Six Steps for Dealing with Stress

Stress

Stress by Becky Wetherington www.flickr.com/photos/macbeck/

Of all the factors in modern life that degrade our health, stress is probably the greatest one. Whether it’s traffic, money problems, scheduling, family or societal expectations, we constantly need help with stress reduction, even if you’re the calmest person outside of a meditation hall. Rather than yell at someone or eat too much dessert, consider trying some of these offerings:

1. Eat regular meals, preferably three. Three sit-down, hot meals would be perfect, maybe even with your family. I know this can be difficult for many with a busy lifestyle but it’s worth the change. Lack of food can be as much a stressor as too much food while the stress relief of having a healthy ritual that allows you to relax, improve your digestive function and relate to your family or friends is golden.

2. Sleep eight hours a night on the same schedule. Deviating occasionally is not a problem, but erratic sleep schedules and chronic sleep deprivation can be a serious problem.

3. Take time to relax. Having a busy job is one thing, never taking time to relax away from phone, computer and constant work is another. This should be daily and weekly with occasional trips to the beach, mountains, wilderness, etc…

4. Acupuncture and Chinese Herbs can reduce stress. Acupuncture is great at relieving those tight muscles at the shoulders and lower back that come from overwork. Internal stress, with symptoms like slightly elevated blood pressure, irritability and difficulty in focusing, can be helped with both herbs and Acupuncture, by supporting the “rest and digest” aspect of the nervous system.

5. Qigong (pronounced chee- gong) is a chinese form of exercise that has been practiced for centuries to reduce stress, among other things. Qigong is a little like Yoga, but it is much easier for the average person to do. The story from China is that qigong was created by Bodhidharma, the same monk who brought buddhism to China from India and is credited as the creator of Zen buddhism.

6. As the Buddha once said: “Focus.”* Be present with your stress, your job, your family, your joys, your frustrations. Allowing yourself to be distracted with another project when you should be finishing a presentation for your boss won’t get either done faster. Thinking about work when you’re spending time with family will just fill your down time with stress. Stay present and take care of what is in front of you; everything will work itself out.

See how these six help you with your stress and let me know what happens!

*The Buddha didn’t actually say that.

Seasonal Affect Disorder

An article on Seasonal Affect Disorder might seem a little late, since the days are getting longer and we are all looking forward to Spring and, soon after, Summer. Truth is that the lack of sun can get us down, especially in Portland and Seattle where we get plenty of overcast sky for nine months of the year.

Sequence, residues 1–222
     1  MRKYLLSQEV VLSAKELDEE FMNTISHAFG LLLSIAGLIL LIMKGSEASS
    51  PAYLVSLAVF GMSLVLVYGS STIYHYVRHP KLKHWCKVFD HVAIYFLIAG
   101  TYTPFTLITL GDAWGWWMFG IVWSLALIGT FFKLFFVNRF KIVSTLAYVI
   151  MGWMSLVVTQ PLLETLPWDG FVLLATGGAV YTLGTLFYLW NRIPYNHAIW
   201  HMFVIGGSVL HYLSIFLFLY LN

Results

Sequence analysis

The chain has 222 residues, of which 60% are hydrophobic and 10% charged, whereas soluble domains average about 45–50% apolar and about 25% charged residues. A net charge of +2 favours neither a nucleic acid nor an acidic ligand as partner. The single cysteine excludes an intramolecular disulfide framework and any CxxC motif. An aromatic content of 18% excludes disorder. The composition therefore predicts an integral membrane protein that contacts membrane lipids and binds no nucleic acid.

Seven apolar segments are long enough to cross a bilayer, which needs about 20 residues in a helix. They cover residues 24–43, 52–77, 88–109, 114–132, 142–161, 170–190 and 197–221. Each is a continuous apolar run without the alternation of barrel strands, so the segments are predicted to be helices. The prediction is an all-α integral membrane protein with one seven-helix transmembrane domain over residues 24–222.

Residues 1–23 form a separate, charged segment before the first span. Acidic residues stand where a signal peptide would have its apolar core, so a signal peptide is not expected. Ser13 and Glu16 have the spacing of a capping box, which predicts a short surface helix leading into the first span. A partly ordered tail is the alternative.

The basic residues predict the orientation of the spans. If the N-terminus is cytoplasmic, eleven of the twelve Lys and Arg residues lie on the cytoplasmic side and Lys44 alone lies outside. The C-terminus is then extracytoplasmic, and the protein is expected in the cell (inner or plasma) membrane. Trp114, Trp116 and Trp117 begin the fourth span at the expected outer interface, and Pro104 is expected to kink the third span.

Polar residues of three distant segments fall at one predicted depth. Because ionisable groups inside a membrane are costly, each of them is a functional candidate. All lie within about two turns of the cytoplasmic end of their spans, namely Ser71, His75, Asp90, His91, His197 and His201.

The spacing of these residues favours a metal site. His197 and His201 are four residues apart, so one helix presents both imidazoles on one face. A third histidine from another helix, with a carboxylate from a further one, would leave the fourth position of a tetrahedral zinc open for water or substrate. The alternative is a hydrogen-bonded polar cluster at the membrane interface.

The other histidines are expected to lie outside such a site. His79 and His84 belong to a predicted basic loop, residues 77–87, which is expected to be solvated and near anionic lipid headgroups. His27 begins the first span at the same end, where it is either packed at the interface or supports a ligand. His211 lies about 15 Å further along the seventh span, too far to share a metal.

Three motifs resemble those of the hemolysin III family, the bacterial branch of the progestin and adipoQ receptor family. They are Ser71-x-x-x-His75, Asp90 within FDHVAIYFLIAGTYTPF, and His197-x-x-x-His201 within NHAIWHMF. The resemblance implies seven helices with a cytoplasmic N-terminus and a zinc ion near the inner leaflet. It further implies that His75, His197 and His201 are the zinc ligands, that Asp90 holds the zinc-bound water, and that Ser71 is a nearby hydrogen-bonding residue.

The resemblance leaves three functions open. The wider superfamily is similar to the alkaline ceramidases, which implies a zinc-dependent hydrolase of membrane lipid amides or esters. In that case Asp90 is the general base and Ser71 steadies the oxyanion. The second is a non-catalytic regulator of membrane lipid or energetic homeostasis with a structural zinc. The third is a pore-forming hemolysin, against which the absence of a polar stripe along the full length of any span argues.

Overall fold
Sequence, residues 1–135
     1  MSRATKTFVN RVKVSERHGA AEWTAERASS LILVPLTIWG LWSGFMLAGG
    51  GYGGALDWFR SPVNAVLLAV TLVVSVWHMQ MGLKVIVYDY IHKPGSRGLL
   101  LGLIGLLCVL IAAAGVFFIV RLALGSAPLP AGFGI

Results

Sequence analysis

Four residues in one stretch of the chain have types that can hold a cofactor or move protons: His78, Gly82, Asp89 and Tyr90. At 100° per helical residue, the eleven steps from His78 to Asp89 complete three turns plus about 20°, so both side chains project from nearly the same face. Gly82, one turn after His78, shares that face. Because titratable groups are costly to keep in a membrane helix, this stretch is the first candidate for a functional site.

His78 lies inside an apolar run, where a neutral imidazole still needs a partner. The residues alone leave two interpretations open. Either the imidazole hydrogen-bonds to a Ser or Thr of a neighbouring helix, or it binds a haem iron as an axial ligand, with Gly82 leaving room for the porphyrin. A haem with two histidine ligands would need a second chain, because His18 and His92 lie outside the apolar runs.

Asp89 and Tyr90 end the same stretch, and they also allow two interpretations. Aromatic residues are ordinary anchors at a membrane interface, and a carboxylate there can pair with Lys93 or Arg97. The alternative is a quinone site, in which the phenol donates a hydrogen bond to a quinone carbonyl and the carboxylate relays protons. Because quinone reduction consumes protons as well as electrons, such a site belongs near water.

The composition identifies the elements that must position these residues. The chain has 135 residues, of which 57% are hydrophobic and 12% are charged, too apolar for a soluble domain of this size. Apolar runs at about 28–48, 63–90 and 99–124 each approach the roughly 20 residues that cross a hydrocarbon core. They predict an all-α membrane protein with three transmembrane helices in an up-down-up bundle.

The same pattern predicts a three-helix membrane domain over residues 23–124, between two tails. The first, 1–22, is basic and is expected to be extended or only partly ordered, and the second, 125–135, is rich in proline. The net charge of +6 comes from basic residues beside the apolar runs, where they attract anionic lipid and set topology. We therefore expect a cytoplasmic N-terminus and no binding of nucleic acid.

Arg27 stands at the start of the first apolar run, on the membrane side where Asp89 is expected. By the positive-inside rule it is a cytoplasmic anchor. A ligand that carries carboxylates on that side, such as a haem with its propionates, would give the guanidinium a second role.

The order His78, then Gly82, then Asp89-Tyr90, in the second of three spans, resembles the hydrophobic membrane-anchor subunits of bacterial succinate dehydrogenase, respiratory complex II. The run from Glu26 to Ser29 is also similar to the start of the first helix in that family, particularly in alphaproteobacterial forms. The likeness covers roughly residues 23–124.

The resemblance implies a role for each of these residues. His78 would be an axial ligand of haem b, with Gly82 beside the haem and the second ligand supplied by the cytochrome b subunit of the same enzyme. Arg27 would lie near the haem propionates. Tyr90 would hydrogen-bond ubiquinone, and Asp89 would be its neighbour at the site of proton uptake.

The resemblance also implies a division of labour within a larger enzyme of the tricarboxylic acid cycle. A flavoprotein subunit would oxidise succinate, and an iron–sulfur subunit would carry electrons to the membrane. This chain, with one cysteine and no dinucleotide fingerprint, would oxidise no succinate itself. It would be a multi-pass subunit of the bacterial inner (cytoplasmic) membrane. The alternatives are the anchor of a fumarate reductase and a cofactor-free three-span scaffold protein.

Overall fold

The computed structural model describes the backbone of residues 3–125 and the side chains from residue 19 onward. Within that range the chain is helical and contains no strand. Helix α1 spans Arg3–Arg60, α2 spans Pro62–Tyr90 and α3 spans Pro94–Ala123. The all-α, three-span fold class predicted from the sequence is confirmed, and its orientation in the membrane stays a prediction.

Chinese Medicine places us in the context of nature where the cycle of the seasons means everything. We’re supposed to bundle up in the Fall because our immune system isn’t ready for the cold weather – this is why flu season starts in the Fall. It’s also important to keep warm in the Winter because our bodies expend a lot of energy keeping us warm when it’s cold out. When it’s cold, our immune system doesn’t have as much energy to defend the body as it does in the Summer. It’s even worse in modern times because we don’t sleep that extra time in the Winter anymore. Do you know anyone who sleeps at sunset and wakes at dawn? Me neither.

Chinese Medicine supports seasonal eating as well. Eating lots of fruits and vegetables in the Summer is great, but if you eat the same thing in Winter (shipped from California or Chile) that’s going to be a whole lot of cold to dampen your digestive fire, which may be in short supply because of the cold weather outside. Better to eat colder food in the Summer and warmer food in the Winter like soups and broths. Eat your vegetables and fruits cooked in the Winter – the nutrients are more bio-available this way anyway!

If you’re not feeling well this time of year (and especially in the darkest of December) spend more time outside and get a happy light (full spectrum light). Since we don’t get enough sun in the Winter, you still might want to take some Vitamin D until the sun visits us again on a regular basis. Yes, we are a thoroughly modern society, but nature and the seasons still effect us; let’s stay healthy!